In the comment, besides talking about the impact in our towns, we can also convey the message that with more energy storage and/or more building efficiency, it will not be necessary to add new pipelines just to take care of demand in the 2 coldest months of the year. The DOE could help the Northeast become a testing ground for the new smart grid innovations that the DOE is now funding.

Once export terminals go into operation in 2015 (starting with a new terminal in Sabine Pass, Louisiana and if approved, another one in Nova Scotia), natural gas prices are expected to increase. Investors in the industry are very excited about the INCREASE in prices (see: and ).

Full ground rules for public comments are here.
And to make it easier for the QER staff to put your items online, they prefer that you put your comments in PDF form (which can include web links) as an attachment, and include a cover email with things like contact info that you do not want made public.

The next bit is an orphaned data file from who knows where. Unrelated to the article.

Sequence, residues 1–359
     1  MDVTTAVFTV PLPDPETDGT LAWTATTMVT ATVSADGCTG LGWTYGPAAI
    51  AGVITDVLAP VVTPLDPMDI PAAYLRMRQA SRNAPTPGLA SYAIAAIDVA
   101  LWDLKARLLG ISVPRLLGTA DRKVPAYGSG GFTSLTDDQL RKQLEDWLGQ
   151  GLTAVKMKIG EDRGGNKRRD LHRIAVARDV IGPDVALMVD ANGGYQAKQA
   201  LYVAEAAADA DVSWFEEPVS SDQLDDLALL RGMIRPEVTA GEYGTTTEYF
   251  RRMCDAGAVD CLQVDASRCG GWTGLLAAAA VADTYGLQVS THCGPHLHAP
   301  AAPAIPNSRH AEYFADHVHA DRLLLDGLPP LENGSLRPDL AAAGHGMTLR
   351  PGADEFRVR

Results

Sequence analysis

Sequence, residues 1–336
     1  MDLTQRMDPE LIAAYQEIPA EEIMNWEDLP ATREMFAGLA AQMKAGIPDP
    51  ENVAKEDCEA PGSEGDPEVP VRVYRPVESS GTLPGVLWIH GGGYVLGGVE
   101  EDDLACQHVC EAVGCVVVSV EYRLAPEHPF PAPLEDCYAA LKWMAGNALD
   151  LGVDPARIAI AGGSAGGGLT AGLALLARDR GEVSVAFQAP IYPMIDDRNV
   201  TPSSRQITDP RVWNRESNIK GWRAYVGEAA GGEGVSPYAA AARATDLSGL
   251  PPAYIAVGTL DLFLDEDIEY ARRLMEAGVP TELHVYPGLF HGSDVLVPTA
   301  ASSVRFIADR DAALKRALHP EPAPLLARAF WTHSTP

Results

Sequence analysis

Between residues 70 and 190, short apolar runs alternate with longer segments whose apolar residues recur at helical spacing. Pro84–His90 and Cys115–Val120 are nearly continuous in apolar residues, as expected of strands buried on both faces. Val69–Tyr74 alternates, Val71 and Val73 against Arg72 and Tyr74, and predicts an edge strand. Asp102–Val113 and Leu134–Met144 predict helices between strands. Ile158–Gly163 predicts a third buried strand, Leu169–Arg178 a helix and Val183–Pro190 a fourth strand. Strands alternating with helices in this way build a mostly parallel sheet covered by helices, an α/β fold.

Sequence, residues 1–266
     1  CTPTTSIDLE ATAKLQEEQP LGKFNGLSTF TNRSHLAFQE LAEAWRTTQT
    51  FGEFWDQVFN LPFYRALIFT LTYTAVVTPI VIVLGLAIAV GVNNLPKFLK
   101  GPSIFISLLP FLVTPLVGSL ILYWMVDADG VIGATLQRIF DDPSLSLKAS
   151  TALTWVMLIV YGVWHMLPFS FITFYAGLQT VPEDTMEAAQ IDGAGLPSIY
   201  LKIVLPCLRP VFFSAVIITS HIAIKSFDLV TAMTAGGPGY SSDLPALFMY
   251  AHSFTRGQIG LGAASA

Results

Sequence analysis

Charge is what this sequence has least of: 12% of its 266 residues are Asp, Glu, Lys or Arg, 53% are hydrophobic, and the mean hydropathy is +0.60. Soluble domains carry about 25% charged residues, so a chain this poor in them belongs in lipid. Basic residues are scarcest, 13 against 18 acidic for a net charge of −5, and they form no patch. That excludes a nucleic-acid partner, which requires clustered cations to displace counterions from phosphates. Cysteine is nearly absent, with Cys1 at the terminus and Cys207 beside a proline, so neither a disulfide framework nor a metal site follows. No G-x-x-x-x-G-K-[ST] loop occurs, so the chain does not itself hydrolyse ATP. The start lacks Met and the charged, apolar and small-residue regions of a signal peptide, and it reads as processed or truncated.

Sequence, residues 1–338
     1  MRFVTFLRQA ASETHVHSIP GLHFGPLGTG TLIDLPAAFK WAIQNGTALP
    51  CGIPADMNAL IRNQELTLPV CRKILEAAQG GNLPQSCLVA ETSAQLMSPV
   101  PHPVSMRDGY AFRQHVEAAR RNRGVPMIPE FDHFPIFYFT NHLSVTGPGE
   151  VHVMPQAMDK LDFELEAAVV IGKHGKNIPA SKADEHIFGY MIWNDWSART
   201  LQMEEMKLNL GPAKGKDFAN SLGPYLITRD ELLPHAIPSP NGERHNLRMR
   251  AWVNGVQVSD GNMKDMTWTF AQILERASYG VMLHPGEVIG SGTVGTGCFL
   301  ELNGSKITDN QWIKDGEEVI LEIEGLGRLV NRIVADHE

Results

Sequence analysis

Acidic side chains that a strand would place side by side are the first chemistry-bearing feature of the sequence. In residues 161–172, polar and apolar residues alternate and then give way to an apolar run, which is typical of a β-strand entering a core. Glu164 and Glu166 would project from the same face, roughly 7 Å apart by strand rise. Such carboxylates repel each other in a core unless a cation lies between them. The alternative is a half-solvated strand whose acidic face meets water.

Conservation, Environmental and Energy Organizations Speak Out Officially

Audubon letter to deny permission to survey on their lands
April 18, 2014

"Mass Audubon respectfully declines the requested permission and does not grant any permission to access or survey these or any other Mass Audubon properties, at this time.

We have a number of reasons for this decision. In summary, our key considerations include the fact that there has not been any public process at the local, state or federal levels of government examining the purported need for the proposed gas pipeline; no alternatives such as smaller-scale improvements to gas distribution infrastructure have been proposed; and there has been no analysis of potential alignments for any essential infrastructure improvements. We are writing to the Governor of Massachusetts and his agencies requesting the initiation of an open, transparent, and deliberative process to address these important energy resource-planning issues."

North Quabbin Energy's statement on the pipeline 
North Quabbin Energy stands opposed to this possible new gas pipeline that would run through many towns of Berkshire, Franklin and Worcester counties.   Much of the land that this proposed pipeline might cross is rural farmland, forests and designated conservation lands.  We do not believe that any new gas pipelines should be built across Massachusetts.